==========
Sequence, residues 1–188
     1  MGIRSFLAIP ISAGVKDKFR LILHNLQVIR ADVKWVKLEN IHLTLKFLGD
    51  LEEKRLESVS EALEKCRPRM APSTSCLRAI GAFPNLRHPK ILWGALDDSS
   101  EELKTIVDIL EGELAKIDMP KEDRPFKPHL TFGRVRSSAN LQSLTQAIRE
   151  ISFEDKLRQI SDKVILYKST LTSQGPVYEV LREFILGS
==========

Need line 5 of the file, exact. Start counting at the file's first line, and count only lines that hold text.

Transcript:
   151  ISFEDKLRQI SDKVILYKST LTSQGPVYEV LREFILGS